From my husband’s perspective, I know he loved being home with us all during that special time. Not all partners are as lucky as he was. I highly recommend making arrangements for as much time off as the employer (and your finances) will allow.

Other Carnival Participants (stay tuned as links are added throughout the day)

The Milk Mama: How I Got My Bottle-Guzzling Breast-Phobic Baby to Love Nursing
Motherwear Breastfeeding Blog: A Poll about the Obstacles You’ve Overcome
Hobo Mama: Supplemental Feeding Techniques for the Breastfed Baby
Whozat: A Rough Start
Living Peacefully with Children: When Nursing Takes Longer
Maman A Droit: Clueless!
Jessica Montalino: Week 7 and Our Breastfeeding Experience
Breastfeeding Moms Unite: I’ll Be Brief
Mama’s Herb Garden: 9 Things Your Nipples Wish You Knew about Them
Good Enough Mum: Tongue Tied and Twisted

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    • http://www.HoboMama.com Lauren @ HoboMama

      This is a great idea. I wouldn’t have made it without my husband helping me out in those early breastfeeding days! We’re fortunate in that we both work from home, so we were able to take off a little time together, and then start back to work gradually as we felt able. I know that’s not an option for everybody, though, and it’s sad that especially in the US, maternity and paternity leave are not valued.

    • http://fcmom.blogspot.com FC Mom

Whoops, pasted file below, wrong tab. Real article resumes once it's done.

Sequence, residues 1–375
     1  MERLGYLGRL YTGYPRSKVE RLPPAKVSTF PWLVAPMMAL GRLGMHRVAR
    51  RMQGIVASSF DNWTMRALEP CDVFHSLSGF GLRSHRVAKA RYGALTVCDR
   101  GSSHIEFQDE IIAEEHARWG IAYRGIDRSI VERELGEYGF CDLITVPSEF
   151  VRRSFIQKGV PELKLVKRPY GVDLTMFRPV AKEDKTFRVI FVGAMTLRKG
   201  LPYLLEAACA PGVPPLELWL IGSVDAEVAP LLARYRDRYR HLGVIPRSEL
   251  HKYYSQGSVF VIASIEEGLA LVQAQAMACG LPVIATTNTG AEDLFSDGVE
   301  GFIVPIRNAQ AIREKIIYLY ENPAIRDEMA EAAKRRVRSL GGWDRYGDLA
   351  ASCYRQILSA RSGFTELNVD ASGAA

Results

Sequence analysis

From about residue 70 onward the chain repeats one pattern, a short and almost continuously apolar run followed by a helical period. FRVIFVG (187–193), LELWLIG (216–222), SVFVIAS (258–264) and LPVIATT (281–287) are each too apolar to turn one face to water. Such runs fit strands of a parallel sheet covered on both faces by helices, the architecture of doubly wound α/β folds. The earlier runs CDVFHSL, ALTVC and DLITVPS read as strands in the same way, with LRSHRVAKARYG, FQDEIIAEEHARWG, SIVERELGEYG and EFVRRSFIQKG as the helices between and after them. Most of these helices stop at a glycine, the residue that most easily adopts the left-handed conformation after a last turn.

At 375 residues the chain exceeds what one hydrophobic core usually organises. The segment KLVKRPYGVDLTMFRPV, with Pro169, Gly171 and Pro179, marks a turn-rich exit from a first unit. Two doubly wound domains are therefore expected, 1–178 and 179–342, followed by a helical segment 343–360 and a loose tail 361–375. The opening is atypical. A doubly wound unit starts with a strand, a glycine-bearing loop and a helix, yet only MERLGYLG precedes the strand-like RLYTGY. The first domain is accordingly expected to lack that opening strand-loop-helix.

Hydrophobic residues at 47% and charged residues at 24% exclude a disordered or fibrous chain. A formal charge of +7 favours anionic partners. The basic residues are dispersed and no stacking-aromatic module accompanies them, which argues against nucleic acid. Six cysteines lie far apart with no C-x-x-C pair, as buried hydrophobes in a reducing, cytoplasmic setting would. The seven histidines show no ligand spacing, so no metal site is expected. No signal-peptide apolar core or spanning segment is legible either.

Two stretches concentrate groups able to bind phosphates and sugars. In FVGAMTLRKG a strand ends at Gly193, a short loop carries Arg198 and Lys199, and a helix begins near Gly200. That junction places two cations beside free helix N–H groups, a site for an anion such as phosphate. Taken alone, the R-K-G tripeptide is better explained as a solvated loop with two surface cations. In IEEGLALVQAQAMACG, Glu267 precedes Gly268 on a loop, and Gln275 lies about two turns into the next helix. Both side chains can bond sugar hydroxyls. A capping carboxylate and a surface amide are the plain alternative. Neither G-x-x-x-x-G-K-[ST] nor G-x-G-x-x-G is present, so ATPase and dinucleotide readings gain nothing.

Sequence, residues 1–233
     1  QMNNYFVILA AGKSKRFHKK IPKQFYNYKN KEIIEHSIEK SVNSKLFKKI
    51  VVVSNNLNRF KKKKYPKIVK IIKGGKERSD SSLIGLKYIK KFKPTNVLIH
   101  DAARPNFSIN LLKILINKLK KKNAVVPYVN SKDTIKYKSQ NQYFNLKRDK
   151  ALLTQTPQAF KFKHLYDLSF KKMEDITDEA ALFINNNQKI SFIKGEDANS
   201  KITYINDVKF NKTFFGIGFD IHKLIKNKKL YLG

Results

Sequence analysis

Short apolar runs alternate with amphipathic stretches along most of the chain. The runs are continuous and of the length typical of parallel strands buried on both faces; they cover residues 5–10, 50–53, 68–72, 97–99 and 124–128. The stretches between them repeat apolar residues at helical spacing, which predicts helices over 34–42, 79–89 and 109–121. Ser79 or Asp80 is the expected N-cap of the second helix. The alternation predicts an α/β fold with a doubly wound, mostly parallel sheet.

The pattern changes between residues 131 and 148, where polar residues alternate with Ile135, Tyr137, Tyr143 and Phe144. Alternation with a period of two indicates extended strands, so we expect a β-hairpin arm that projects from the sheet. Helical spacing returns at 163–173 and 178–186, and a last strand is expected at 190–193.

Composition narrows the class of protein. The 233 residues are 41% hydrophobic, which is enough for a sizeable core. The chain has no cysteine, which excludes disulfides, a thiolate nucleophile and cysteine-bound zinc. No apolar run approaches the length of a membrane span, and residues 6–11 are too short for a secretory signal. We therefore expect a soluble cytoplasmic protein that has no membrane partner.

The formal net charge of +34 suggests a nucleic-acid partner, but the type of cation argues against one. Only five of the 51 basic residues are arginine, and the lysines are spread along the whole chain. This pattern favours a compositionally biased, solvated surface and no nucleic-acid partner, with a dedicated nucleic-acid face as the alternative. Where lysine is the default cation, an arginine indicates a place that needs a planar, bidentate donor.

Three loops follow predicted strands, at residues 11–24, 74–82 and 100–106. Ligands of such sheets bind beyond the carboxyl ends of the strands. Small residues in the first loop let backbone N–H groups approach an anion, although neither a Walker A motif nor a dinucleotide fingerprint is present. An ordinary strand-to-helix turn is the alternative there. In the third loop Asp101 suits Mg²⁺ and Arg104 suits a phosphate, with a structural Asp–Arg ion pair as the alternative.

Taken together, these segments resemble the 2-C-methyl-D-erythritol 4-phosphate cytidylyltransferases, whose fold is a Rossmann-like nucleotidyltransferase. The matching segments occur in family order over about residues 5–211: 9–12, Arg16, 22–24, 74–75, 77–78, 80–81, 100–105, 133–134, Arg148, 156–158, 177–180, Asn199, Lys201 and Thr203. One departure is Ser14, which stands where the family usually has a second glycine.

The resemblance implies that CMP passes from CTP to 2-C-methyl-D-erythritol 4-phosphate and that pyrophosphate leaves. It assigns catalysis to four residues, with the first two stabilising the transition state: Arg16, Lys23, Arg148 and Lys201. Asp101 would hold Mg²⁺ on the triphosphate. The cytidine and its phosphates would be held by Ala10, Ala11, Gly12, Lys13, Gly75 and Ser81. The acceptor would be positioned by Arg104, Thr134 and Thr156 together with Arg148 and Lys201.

We held off visitors and spent the first week just me, my husband and the baby. We hashed out lots of little “details” (read, disagreements) about how to do things, and we got to do it without well-intentioned advice-givers hovering around. My husband brought me whatever I needed (I had pretty bad pubic symphosis pain after birth that I eventually had to do physical therapy for) as I sat nursing all day. He made all the meals, and in general was my breastfeeding partner. I sent lots of pics to family and friends to satisfy their curiosity, but I told them the first week was for just me, hubs and baby… it was a tiring week, but with just ourselves and the baby to focus on, we learned a lot in a short amount of time and were off to a great start. We went in to see the hospital LC at day 5 when I had bruised nipples- she corrected our latch- and didn’t hit another hitch after that until 5 months when baby got SUPER sick on a trip to CA and I had to rent a breast pump bc he was puking his guts out, then not eating.